The European Union migration crisis.
Borg Barthet, Justin
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BORG-BARTHET, J. and LYONS, C. 2016. The European Union migration crisis. Edinburgh Law Review [online], 20(2), pages 230-235. Available from: https://dx.doi.org/10.3366/elr.2016.0346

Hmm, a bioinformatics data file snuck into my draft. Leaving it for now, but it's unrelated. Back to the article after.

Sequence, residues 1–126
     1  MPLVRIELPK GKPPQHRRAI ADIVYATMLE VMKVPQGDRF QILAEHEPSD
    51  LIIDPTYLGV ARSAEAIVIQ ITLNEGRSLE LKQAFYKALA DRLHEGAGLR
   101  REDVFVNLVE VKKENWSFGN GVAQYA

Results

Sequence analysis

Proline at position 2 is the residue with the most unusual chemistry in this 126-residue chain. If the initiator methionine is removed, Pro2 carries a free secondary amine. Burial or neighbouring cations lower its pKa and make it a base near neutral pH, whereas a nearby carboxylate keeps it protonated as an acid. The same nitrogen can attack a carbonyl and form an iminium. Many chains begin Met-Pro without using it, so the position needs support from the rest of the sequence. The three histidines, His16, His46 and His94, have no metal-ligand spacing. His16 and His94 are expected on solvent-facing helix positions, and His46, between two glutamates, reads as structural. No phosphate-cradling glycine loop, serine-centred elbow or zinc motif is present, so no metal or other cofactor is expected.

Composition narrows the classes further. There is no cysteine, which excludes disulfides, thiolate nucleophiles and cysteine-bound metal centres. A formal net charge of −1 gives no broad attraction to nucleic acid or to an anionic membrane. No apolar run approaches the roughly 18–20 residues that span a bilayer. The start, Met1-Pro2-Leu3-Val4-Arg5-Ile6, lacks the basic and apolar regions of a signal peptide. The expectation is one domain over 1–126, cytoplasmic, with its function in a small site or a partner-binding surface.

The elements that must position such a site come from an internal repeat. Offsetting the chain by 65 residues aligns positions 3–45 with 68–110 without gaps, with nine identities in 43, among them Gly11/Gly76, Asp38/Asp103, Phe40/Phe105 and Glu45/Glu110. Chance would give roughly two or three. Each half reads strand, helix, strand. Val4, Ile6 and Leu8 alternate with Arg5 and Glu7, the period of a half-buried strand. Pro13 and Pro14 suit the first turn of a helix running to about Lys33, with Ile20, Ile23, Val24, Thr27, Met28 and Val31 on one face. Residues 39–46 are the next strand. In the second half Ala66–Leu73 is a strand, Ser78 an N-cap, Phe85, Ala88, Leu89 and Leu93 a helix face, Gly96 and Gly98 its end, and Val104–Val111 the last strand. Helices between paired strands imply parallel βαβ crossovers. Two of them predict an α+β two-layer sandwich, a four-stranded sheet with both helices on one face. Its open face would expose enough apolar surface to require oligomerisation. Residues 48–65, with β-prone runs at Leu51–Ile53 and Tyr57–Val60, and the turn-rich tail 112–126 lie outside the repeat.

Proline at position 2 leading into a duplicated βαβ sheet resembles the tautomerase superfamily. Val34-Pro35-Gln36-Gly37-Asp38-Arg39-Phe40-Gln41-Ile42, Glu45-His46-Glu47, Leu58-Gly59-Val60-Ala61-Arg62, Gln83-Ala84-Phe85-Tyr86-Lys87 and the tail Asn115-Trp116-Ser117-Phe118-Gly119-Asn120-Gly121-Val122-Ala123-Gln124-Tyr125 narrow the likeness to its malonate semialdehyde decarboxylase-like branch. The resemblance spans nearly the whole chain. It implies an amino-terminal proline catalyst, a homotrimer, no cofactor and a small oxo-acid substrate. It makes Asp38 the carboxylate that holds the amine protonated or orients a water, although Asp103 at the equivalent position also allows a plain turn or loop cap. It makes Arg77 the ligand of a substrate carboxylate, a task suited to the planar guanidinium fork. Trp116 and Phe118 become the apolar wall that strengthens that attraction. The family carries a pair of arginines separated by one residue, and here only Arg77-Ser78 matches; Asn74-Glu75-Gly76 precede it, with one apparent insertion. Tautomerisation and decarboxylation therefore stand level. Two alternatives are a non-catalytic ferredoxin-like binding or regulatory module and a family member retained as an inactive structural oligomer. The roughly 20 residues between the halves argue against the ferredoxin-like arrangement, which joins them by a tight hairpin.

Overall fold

On 9 September 2010 the body of a man who had fallen from a British Airways flight to Heathrow was discovered in a wealthy west-London suburb. It is hard to pinpoint any one precise origin of the migration crisis currently unfolding in Europe, but the migrant who fell from the sky in his extreme efforts to enter a Europe otherwise closed to him was to foreshadow something on a much larger scale which has shaken European integration to its very core. The mass movement of more than a million refugees and migrants (many fleeing conflicts in Syria, Afghanistan and Iraq) into European countries during 2015, the migration crisis so called, has generated an extreme level of disruption and disunity in the European Union and its member states as they strive to deal with the arrivals. But the crisis is, first and foremost, a humanitarian catastrophe of a kind unseen in Europe since the 1930s and 40s. Images from Lesbos and Lampedusa, among others, bear witness to the magnitude of the human cost of the crisis, which is still growing at an alarming rate at the time of writing. This note argues that the humanitarian crisis points to more deep-seated and long-standing problems in the governance of the European Union. As the EU and its member states struggle with the pressures of mass movement of displaced people, the treatment of those people exposes what can only be described as a crisis of European values. It is, in many ways, a stark exposé of shortcomings in the application of European fundamental rights, humanitarian law, and neighbourhood policy.